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What I Learned Driving Through the Heartland –

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Published: August 28, 2013 Comment










“The udder on this cow just keeps getting better and better as the day goes on,” remarked Barry Visser, Kandiyohi County Fair dairy cattle judge, over the PA system. A boy led his prizewinning Holstein away as a friendly crowd of western Minnesotans, and one out-of-place New Yorker, looked on from the modest stands. The dairy cow competition was nearing its end; the rabbits, hens and pigs had already had their days of judgment — no udders required — and were unwinding one building down. Up the hill, workers prepared rides and games and funnel cake stands to open.

The Frugal Road Trip: Photos, Videos and More

Part 7: Minnesota

On a visit to county fairs, watching everything from a demolition derby to a fashion show.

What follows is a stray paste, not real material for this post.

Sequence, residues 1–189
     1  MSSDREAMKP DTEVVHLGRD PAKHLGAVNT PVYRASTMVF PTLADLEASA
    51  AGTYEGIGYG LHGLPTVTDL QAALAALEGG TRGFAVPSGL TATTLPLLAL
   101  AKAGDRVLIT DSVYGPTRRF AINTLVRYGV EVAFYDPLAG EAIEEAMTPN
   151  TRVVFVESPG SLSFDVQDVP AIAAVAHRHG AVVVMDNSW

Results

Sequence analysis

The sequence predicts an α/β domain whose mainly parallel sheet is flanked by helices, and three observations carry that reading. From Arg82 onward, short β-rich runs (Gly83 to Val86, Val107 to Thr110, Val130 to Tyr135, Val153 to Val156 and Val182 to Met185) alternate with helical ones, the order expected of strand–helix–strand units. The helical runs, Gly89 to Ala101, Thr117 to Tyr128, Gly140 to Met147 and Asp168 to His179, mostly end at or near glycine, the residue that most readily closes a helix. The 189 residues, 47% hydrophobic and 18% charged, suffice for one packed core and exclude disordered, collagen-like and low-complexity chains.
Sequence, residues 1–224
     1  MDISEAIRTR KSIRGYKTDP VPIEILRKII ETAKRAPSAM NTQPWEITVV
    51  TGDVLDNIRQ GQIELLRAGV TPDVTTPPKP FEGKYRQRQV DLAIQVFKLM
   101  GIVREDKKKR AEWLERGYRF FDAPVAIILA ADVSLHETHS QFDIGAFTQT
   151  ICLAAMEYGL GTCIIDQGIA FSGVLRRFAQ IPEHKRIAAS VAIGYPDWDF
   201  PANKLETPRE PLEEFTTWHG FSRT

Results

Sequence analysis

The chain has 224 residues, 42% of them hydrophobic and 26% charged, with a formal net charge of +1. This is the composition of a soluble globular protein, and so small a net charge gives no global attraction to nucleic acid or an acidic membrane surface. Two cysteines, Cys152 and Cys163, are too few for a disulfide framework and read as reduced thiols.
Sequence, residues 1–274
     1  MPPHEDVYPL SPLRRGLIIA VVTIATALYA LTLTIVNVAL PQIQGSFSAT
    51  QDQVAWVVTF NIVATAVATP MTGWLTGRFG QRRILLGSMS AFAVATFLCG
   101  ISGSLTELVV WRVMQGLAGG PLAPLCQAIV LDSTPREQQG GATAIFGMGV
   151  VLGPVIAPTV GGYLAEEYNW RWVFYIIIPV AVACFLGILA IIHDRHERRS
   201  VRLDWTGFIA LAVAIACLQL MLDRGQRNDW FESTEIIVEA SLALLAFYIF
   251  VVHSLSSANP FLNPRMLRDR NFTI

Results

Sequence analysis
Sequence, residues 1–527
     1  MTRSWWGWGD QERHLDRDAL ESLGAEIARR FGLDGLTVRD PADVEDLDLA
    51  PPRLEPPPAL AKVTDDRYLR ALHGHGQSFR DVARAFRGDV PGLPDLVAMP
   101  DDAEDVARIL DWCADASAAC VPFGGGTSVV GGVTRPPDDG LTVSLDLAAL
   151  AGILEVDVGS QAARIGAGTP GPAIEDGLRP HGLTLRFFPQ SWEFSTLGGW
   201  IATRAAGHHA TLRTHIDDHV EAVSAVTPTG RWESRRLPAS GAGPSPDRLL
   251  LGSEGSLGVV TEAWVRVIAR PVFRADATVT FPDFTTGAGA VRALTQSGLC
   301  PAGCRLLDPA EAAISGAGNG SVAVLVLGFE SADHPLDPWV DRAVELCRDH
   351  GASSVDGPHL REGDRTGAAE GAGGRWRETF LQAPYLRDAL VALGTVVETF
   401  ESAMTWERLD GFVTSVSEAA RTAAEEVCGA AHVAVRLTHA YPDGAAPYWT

– 6: South Dakota

– 5: Iowa

– 4: Kansas

– 3: The Ozarks

– 2: Memphis

– 1: Louisiana

– Introduction


The Heartland Route

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Most of the audience in the 4-H arena that morning was barely paying attention. But I was riveted by Mr. Visser’s patter. He put together sentences the likes of which I had never heard, praising open ribs and clean hocks and the overall “dairyness” of animals that young people from all over the county had raised and brought to the fairgrounds in Willmar. This annual summer ritual takes place on county fairgrounds across the United States, but I had somehow never been to one. A longtime city slicker, I had decided to flip the traditional coast-to-coast journey 90 degrees, zigzagging from Baton Rouge, La., to Fargo, N.D., through a large swath of the nation that we coast dwellers often dismiss as flyover country. By that Friday in August, I was nearly a month and more than 4,000 miles into my summer road trip.